Cubs Season Attendance 2007-2016

By Chris Katsaros

The Chicago Cubs are one of Major League Baseball’s most historic franchises. They were one of the founding members of the National League, establishing themselves as the White Stockings in 1876.

Since they officially became the Chicago Cubs in 1903, they have grown to be one of the most popular sports franchises in North America.  Playing their home games at iconic Wrigley Field on the North Side of Chicago, the Cubs regularly draw large attendance numbers.

Chicago Cubs season attendance 2007-2016

The Cubs have gone through several large roster overhauls in the last decade.  They won back-to-back National League Central Division titles in 2007 and 2008, explaining their spikes in attendance those years.

The Cubs were also experiencing the longest championship drought in the history of North American sports. The 2007 and 2008 seasons were both 100 years since their previous title victories in 1907 and 1908, which convinced many that “this was the year.”

In July of 2009, the Ricketts family (founders of TD Ameritrade Holding Corporation) purchased the Cubs.  In 2011, they hired Theo Epstein from the Boston Red Sox to be their President of Baseball Operations.

The rebuild of the roster soon began, and by the 2015 season the Cubs were exceeding expectations and made it to the National League Championship Series before getting eliminated 4 games to 0 by the New York Mets.

Finally, in 2016, the Cubs won the World Series, ending the drought at 108 years. The Cubs spent the entire season dominating the league, winning 103 games while having a historically good offense and pitching staff.

While the Cubs have yet to repeat their 2016 success, there is reason to be optimistic on the North Side.  Once called the “Lovable Losers,” the Cubs now see themselves as annual contenders for the World Series.

Data set of the Cubs seasonal attendance from 2007-2016

Will Mayor Lightfoot Go Light on TIF?

By Chris Katsaros and Darius Vinesar

Grassroots activist Tom Tresser pointed at a map of Chicago and said, “No other major city in America has this kind of…infection.”

“It’s what it is, an infection.”

What Tresser was referring to was tax increment financing.

The practice of tax increment financing, or TIF, originated in California in the early 1950’s. Since then, TIF legislation has found some kind of use in every state except Arizona. TIF is used extensively in the Midwest, especially in Chicago for projects such as the 78 and the developments at Lincoln Yards.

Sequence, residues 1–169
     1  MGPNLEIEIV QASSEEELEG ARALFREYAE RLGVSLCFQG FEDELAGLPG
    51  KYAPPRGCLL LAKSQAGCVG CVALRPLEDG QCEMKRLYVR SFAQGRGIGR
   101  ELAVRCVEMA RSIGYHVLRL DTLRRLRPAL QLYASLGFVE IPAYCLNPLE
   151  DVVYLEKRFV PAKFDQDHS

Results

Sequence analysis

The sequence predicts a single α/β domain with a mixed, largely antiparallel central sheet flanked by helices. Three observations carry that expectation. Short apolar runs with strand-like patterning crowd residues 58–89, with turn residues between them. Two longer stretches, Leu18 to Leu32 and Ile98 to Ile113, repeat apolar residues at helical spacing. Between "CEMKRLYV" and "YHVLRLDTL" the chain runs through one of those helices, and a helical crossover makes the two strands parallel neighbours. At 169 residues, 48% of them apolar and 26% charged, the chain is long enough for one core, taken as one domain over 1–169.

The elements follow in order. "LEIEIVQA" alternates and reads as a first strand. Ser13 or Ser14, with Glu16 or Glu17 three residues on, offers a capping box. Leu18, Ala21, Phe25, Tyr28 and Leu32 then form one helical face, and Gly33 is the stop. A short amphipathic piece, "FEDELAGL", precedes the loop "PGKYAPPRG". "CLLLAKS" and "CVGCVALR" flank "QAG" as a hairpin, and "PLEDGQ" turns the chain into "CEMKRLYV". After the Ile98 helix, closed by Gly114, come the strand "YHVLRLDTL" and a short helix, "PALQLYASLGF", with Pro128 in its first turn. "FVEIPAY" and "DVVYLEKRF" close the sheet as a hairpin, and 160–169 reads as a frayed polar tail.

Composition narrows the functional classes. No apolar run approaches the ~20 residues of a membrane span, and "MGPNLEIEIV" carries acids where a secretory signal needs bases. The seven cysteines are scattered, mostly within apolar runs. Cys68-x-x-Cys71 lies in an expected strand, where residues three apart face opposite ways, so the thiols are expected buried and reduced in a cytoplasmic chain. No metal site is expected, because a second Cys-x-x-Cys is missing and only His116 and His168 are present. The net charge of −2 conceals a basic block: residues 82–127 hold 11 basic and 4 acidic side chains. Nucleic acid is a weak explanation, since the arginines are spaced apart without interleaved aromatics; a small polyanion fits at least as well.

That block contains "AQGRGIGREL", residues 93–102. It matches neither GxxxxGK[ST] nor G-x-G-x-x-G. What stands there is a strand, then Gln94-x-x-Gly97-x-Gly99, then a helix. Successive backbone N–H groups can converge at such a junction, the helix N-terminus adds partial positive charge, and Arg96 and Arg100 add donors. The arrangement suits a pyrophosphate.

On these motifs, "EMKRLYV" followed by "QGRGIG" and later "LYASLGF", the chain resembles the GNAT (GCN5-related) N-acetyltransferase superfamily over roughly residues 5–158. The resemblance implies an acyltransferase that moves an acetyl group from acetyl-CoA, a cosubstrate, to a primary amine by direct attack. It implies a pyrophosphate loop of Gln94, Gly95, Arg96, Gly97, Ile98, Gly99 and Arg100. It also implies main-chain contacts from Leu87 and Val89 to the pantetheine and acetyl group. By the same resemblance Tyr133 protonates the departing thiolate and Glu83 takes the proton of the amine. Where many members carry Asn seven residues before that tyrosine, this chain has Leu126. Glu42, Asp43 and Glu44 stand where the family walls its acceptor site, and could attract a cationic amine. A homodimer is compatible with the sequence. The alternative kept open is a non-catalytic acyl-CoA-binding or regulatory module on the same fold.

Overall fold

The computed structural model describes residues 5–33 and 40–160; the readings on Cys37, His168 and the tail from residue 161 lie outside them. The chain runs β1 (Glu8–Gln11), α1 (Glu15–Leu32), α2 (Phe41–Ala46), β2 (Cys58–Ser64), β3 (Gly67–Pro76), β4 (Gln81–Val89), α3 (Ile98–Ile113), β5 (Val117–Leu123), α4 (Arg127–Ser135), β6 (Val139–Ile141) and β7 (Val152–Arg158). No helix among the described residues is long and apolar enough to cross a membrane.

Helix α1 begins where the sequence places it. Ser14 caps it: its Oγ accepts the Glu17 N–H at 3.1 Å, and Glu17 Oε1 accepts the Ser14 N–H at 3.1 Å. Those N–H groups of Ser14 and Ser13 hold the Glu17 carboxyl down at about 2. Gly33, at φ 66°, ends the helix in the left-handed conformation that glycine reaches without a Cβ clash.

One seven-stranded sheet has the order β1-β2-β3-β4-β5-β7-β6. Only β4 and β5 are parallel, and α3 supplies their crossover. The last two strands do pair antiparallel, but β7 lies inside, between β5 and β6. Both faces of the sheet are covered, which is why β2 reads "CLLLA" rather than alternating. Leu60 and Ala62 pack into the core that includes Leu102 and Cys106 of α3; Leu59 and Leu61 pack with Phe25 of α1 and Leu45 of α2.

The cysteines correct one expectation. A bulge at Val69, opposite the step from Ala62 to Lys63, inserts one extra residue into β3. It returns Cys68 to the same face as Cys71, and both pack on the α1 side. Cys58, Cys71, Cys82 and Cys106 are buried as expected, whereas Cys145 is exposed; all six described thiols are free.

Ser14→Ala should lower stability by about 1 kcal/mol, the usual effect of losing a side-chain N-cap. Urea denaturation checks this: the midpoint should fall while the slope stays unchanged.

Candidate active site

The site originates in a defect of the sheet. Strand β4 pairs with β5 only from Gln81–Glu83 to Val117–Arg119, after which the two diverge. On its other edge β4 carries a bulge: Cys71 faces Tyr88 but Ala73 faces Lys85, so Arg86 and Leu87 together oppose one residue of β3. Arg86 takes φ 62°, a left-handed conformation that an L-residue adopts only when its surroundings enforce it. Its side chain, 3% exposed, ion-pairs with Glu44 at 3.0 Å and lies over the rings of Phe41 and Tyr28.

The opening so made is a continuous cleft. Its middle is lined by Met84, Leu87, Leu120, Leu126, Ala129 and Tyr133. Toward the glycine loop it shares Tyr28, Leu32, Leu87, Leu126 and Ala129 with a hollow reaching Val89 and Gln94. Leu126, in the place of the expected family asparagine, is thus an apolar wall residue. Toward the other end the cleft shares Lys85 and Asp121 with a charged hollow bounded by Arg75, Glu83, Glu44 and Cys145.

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Chicago’s Harbor System

Some of Chicago’s hidden gems are the ten municipal harbors that line the shore of Lake Michigan. These harbors, operated by Westrec Marinas for the Chicago Park District, provide gorgeous views of the city and are conveniently located near several popular Chicago attractions.

The harbors offer seasonal boating for those who would like to rent a slip or mooring can for the boating season, which in Chicago runs from May 1 until October 31. They also offer transient boating for boaters who would like to rent a slip for a shorter amount of time, with reservations made similar to the process of booking a hotel room.

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Google Trends: Juul’s Rising Popularity; iOS v. Android

On September 11, the Trump administration announced that they are moving to ban the sale of e-cigarettes after a recent string of vaping related deaths.

Popular e-cigarette manufacturer Juul has become a hot commodity among teens since its creation in 2017. According to an analysis of Google Trends search data, Juul has been searched far more often than cigarettes have in the past year.

Surprisingly enough, Juul itself is a strong supporter of these bans on flavored e-cigarette products, as a spokesperson for the company recently told to CNBC.

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Quinn: Illinois Pensions Threatening MAP Grants

Pat Quinn photo
Gov. Pat Quinn talks about MAP grants at DePaul University. (Photo by Josclynn Brandon)

By Bob Smith

Gov. Pat Quinn visited DePaul University’s Loop campus on Wednesday to discuss how pension reform is harming the Monetary Award Program (MAP) college scholarships and access to higher education in Illinois.

“This is so important to our state, not only in the past, but certainly now and in the future,” Quinn said.
“We want everyone to have the opportunity to go to college that has the ability to go to college.”

MAP grants are need-based college scholarships that allow merit students who are in need across the state and do not need to be repaid by the student. Quinn said that due to cutbacks and having to pay more money in the pension amount, almost 18,000 students lost their MAP grant scholarships this year.

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